In terms of talent, we're a long way from reaching a verdict on what the Red Sox got from the Dodgers in last August's blockbuster.
Rubby De La Rosa and Allen Webster are pitchers of promise and some Triple A accomplishment. We also know that "pitching prospect" is essentially an oxymoron given all that can go wrong along the way, and both of these kids have command and/or control issues to work out before they're contributing consistently in the major leagues.
De La Rosa and Webster are talented. But to forecast their future right now would be to guess with overconfidence.
It's too soon to draw conclusions on the players -- where have you gone, Ivan DeJesus Jr.? -- the Red Sox received in return from the Dodgers during their seismic swap last Aug. 25.
But we can come to some unassailable conclusions regarding what else they received in the trade, which we're revisiting now with the Sox and Dodgers due to begin a three-game series Thursday night.
Start with the most obvious -- the get-out-of-self-inflicted-payroll-hell card. The Red Sox saved $262.5 million in the deal -- including roughly $40 million alone this year on Carl Crawford and Adrian Gonzalez, who went to Los Angeles along with Josh Beckett and Nick Punto.
That allowed Ben Cherington the room to acquire several accomplished, respected veterans this offseason who gave the roster the middle class of talent it lacked a season ago -- Koji Uehara, Mike Napoli, Stephen Drew, Jonny Gomes, and so on.
The Sox aren't as star-studded as we'd come to expect, but at 75-54 and in first place in the American League East, they're better.
They're also much more likable. The trade and the moves that followed went a long way toward restoring the franchise's pride.
The Red Sox, in the aftermath of their September 2011 collapse, were a joyless bunch last year. That wasn't all due to the players who eventually ended up in Dodger Blue; manager Bobby Valentine was inept, and the Sox were crushed by injuries. But change was necessary.
It's just amazing, a year later, to believe it happened in one fell swoop. The trade gave them a fresh start in every way.
The funny thing -- and one that seemed unfathomable last year and even early in this one, when the Dodgers floundered -- is that the deal has worked out on the other coast as well. The Dodgers have won 45 of 55 games, one of the most extraordinary stretches in baseball history.
While Hanley Ramirez, Yasiel Puig, Clayton Kershaw, and Zack Greinke have led the charge to dominance, Gonzalez has been right there as a significant contributor, hitting .299 with a team-high 16 homers and 78 RBIs. He's the fundamental reason the Dodgers made the trade, the reason they were willing to take on the salaries and risks of Crawford and Beckett.
His power isn't what it was in San Diego or during his first-half season in Boston, when he had a 1.006 OPS, 17 homers and 77 RBIs in 89 games in 2011. But at 75-52, the Dodgers have to be happy with just about everything, and Gonzalez has fulfilled the most basic expectations.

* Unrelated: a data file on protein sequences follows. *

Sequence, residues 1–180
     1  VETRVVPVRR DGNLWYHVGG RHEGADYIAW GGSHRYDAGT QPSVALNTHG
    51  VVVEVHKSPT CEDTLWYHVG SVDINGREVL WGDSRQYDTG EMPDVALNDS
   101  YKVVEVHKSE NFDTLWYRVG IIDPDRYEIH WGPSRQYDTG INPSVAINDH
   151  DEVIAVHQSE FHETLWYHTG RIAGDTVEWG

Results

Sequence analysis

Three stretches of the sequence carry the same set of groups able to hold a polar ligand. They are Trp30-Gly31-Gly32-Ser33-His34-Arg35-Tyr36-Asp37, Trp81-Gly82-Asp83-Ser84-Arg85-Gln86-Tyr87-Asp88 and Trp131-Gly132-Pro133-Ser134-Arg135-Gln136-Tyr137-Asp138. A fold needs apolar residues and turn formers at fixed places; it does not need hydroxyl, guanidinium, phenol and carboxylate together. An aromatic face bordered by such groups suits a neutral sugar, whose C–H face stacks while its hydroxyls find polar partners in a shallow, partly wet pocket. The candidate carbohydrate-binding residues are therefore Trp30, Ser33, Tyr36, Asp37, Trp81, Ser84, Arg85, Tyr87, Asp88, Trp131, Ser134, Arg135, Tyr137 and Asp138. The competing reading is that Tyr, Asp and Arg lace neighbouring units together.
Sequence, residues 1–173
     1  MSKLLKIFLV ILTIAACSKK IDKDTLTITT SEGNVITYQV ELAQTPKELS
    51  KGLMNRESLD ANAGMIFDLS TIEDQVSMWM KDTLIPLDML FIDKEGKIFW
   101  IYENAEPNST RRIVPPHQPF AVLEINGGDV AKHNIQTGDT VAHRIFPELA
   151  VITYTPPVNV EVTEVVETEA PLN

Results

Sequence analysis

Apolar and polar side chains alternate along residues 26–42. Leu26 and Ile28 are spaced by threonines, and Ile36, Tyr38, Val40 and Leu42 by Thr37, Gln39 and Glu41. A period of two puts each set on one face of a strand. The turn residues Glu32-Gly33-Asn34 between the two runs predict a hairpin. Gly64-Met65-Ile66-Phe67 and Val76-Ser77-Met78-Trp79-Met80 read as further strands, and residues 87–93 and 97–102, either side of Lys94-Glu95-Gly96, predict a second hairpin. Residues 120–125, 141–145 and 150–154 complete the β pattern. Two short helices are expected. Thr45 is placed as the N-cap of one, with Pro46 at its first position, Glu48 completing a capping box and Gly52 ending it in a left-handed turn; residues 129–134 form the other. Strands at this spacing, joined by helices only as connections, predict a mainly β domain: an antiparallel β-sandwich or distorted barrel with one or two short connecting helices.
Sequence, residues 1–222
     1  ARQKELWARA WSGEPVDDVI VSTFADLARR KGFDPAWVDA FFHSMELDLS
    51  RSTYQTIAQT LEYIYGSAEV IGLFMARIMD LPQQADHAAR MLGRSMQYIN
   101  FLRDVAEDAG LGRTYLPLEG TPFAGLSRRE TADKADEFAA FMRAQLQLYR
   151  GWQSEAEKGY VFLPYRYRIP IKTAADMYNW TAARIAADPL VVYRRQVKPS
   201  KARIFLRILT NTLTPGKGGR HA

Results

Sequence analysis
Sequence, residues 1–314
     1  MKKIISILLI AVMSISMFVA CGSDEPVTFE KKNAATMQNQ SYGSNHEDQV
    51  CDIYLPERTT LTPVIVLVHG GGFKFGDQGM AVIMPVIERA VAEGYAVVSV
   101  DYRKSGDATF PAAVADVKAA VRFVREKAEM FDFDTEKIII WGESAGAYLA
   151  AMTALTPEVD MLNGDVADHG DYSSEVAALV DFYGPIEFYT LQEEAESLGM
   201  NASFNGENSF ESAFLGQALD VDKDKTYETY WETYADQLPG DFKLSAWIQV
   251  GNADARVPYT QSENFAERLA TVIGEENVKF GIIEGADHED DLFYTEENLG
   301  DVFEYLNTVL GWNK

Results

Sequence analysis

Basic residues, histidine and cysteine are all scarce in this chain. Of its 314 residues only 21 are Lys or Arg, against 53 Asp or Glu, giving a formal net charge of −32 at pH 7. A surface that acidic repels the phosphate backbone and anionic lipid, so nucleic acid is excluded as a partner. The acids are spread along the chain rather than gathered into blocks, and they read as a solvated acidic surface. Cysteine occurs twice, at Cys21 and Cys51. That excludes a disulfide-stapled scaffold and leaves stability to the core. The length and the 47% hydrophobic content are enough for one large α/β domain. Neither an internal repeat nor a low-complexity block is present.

Gonzalez: In 282 games with the Red Sox, he hit 42 homers, drove in 203 runs, and put up a .321/.382/.513 slash line. He was very good, especially in the first half of that first season, and I'll admit, I was a bit disappointed to see him go; hopes were so high, and briefly, he fulfilled them. But now? I'm glad he's a Dodger. He was part of the culture of lethargy and excuse-making -- one longtime beat writer told me he never dealt with a more condescending player. If we can hop in the Revisionist History Machine for a moment, don't you wish they could have convinced Adrian Beltre to stick around awhile rather than moving quickly to trade for Gonzalez? Sure you do.
Carl Crawford: He put up with some unnecessary and even cruel nonsense while he was here. But at some point, he's going to admit that he was pretty lousy on the rare occasions when he wasn't hurt, isn't he? He's been just OK for the Dodgers, with a .288 average, 11 steals, and a 40-game absence due to injury.
Nick Punto: An ESPN story noted this morning that he's "led the team in hustle since Opening Day.'' And the gritty, gutty white guy narrative lives on.
Josh Beckett: During the 2007 postseason, Beckett won all four of his starts. He pitched 30 innings, allowing four earned runs and 19 hits. He struck out 35 and walked one. He was as important as any player in securing that second World Series title in four years -- probably more important than any player. That was just six years ago, and so I ask: Has any player in Boston sports lore done more to damage a good reputation in such a short period of time?
The answer is a resounding no as far as I can tell, but feel free to hold off on your official answer until October. How about we revisit it again when, say, the Red Sox are back in the World Series for the first time since Beckett's glory days, facing the team he went 0-5 for this season? Sounds like a plan to me.
About Touching All The Bases
Irreverence and insight from Chad Finn, a Globe/Boston.com sports writer and media columnist. A winner of several national and regional writing awards, he is the founder and sole contributor to the TATB blog, which launched in December 2004. Yes, he realizes how lucky he is.